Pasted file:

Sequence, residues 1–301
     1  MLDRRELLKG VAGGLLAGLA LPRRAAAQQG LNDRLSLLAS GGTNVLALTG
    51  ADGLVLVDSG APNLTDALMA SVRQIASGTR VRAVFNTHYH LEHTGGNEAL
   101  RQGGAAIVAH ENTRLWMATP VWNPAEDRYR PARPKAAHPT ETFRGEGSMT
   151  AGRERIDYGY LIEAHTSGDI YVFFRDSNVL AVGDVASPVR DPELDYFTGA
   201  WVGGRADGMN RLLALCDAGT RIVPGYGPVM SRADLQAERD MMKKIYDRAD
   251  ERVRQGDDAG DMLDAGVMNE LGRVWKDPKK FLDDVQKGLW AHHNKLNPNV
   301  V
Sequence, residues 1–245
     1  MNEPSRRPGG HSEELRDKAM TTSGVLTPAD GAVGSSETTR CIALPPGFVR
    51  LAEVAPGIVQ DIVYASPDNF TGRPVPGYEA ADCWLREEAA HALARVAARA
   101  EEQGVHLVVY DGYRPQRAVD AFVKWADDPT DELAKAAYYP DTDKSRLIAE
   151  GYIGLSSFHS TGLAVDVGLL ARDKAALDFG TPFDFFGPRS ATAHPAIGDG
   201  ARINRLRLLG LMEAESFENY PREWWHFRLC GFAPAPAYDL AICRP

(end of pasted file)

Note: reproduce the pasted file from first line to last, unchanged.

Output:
Sequence, residues 1–301
     1  MLDRRELLKG VAGGLLAGLA LPRRAAAQQG LNDRLSLLAS GGTNVLALTG
    51  ADGLVLVDSG APNLTDALMA SVRQIASGTR VRAVFNTHYH LEHTGGNEAL
   101  RQGGAAIVAH ENTRLWMATP VWNPAEDRYR PARPKAAHPT ETFRGEGSMT
   151  AGRERIDYGY LIEAHTSGDI YVFFRDSNVL AVGDVASPVR DPELDYFTGA
   201  WVGGRADGMN RLLALCDAGT RIVPGYGPVM SRADLQAERD MMKKIYDRAD
   251  ERVRQGDDAG DMLDAGVMNE LGRVWKDPKK FLDDVQKGLW AHHNKLNPNV
   301  V
Sequence, residues 1–245
     1  MNEPSRRPGG HSEELRDKAM TTSGVLTPAD GAVGSSETTR CIALPPGFVR
    51  LAEVAPGIVQ DIVYASPDNF TGRPVPGYEA ADCWLREEAA HALARVAARA
   101  EEQGVHLVVY DGYRPQRAVD AFVKWADDPT DELAKAAYYP DTDKSRLIAE
   151  GYIGLSSFHS TGLAVDVGLL ARDKAALDFG TPFDFFGPRS ATAHPAIGDG
   201  ARINRLRLLG LMEAESFENY PREWWHFRLC GFAPAPAYDL AICRP